I find myself surprisingly distressed by the death of the Pope. I mean, we didn’t really see eye to eye on a lot of things and I can’t help feeling that that nice liberal man from Milan would be much more likely to make me a happy Catholic. But all the same, you have to admire the man for whom the cliche “indominatable spirit” could have been invented.
I have been thinking about his trip to Ireland in 1979 and the excitement that generated. I remember I was sick and no one came near me to bring me succour or squeezed orange juice and I had to drag myself downstairs and watch the Pope on the telly with my mother to get any attention at all. My best friend got taken to Limerick by her parents and got up at 4.00 in the morning to get a good place to hear the Pope say mass. She brought me
back a picture and a papal flag which are probably still behind the wardrobe
in my parents’ house in Cork. Meanwhile, even more thrillingly, my cousin PJ was offered the opportunity to serve mass for the Pope. To his parents’ eternal (and I do mean eternal here) shame he asked what would he be doing if he wasn’t a papal altar boy and when his teacher said “well, you’d just have the day off school, I suppose”, PJ said, “well, thanks, but I think that I’ll take the day off then”.
Ireland in 1979 wasn’t exactly booming and it was such a lift when the Pope came, I think then that it was the best thing that could have happened to us. Now, of course, we’re all far too sophisticated to care where the Pope visits. I suppose the memory of how dynamic he was then has stayed with me and it was a shock to see how frail he was latterly but, by God, he had a will of iron and unshakeable faith. Fair dues as we say in Cork.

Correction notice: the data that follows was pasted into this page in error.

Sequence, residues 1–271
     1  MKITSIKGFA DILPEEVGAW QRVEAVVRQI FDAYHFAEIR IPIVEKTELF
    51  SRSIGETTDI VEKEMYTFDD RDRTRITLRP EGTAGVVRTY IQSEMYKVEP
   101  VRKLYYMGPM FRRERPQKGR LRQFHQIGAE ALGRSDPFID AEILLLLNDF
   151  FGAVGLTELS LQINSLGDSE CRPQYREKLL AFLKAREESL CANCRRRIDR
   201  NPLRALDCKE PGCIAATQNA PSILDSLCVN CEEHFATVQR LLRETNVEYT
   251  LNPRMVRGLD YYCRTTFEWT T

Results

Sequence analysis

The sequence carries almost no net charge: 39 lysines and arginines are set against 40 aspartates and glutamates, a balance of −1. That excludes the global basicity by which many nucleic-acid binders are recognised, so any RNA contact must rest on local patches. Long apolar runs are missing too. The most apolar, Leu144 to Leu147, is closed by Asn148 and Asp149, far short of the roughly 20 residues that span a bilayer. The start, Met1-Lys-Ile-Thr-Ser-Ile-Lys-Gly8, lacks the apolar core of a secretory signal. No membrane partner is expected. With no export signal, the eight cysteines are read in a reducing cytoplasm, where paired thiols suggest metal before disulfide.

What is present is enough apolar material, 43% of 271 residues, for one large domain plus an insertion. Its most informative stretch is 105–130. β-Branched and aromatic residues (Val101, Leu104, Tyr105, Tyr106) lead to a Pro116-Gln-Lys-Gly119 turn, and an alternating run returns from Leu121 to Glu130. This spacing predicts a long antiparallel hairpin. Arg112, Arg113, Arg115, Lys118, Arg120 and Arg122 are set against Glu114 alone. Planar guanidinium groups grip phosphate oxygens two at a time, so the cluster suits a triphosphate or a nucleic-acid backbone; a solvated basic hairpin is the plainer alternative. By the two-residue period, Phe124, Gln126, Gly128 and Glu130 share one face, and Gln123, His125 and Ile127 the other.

I know, it is kind of odd. I must say, I like him much better now than I did when he was alive. What a bad catholic I am (don’t worry, I have mechanisms for coping with the guilt).
I grew to like him more and more over time. At first, I thought he would roll back all the changes of Vatican II. Thankfully, he didn’t. And while I would have liked a less conservative Pope, he did do some surprisely “liberal” things, like asking forgiveness of the Jews, pardoning Galileo, and dialoging with Islam. While they might be small gestures, they are fraught with significance.
And I’ll never forget his first words to me…. “Where’s your beard?”
Well, we all wonder about the beard FT. But, yes, it is heartening that he did encourage far more inter-faith dialogue and forgiveness than previous incumbents.
Yeah, funnily enough, HJB, this is actually a true story. The holy father was a bit of a traditionalist and he liked his monks traditional.